Congratulations! You've made it through the first four
courses on tracing your immigrant origins. You are now ready to tackle
the most difficult of American origins: Those who arrived before the
keeping of regular passenger lists.
What is The Colonial Period?
Colonial immigration encompasses the entire colonial
history of the United States, as well as the early federal period (sometimes
called Jacksonian America), up to 1820. At this time, the sources and
strategies are essentially similar for the future United States as well
as Canada. After all, for most of this period, both areas were primarily
British colonial possessions.
Although St. Augustine, Florida, was settled by the
Spanish in 1565, most people date the beginning of immigration to British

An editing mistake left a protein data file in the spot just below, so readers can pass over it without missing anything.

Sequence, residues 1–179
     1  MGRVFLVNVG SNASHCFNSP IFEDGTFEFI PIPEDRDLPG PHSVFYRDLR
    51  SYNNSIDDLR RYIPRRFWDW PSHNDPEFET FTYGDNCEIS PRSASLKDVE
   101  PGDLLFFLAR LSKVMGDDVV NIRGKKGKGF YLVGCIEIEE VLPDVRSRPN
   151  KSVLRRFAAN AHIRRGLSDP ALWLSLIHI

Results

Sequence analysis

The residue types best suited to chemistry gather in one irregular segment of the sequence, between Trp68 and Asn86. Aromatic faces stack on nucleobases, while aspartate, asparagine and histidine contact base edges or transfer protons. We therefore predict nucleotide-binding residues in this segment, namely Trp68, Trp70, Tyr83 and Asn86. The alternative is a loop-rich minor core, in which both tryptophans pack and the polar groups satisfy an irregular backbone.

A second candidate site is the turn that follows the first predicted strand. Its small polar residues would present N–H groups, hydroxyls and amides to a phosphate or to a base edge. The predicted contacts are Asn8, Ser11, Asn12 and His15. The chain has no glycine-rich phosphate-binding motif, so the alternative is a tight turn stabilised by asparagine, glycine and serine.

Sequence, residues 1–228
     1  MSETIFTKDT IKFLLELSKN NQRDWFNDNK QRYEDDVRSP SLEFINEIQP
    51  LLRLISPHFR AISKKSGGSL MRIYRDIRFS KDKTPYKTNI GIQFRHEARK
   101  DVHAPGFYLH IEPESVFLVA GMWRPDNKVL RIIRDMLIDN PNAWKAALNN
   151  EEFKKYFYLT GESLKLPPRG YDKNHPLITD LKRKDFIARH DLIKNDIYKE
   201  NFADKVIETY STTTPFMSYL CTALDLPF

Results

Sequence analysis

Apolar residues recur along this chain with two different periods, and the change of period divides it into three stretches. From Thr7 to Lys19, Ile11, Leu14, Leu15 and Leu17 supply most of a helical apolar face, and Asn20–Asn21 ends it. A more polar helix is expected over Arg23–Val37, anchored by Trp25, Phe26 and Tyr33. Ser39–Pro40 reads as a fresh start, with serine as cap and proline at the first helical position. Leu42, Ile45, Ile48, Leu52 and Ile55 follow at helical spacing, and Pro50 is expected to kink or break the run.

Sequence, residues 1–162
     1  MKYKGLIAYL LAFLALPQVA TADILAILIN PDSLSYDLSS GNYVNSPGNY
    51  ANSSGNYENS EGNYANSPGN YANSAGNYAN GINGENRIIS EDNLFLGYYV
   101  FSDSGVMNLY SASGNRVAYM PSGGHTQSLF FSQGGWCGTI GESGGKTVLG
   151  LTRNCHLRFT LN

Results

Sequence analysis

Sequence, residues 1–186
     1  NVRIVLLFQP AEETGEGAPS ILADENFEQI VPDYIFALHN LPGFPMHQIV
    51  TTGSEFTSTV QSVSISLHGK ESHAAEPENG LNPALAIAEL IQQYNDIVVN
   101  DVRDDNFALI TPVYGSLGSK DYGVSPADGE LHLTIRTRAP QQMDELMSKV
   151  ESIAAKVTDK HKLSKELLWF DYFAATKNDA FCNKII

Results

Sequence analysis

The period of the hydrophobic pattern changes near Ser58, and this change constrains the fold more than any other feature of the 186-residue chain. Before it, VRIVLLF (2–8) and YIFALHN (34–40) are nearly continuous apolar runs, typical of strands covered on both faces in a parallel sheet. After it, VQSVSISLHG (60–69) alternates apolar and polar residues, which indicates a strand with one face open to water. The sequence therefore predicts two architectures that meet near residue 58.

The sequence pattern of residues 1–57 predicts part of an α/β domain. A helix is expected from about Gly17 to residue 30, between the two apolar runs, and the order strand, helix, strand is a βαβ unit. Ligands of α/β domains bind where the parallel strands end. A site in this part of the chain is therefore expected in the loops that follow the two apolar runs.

North America with the founding of Jamestown, Virginia in 1607. During
the next decade, a few Dutch began arriving at the future site of New
York City. However, immigration was slow and poorly organized until
the Pilgrims arrived at Cape Cod, Massachusetts in 1620. A few ships
arrived during the next decade, but the arrival of Winthrop's fleet
at Boston in 1630 truly signaled the first major immigration wave, often
called the "Great Migration."
Between 1607 and 1820 early European immigration was
basically British (England, Scotland, Ulster Ireland, Southern Ireland,
Wales) and German. However, there was little immigration between the
Revolutionary War (1775-1783) and 1815, due to wars on both sides of
the ocean. Hence, most of the immigration during this period took place
during the colonial period.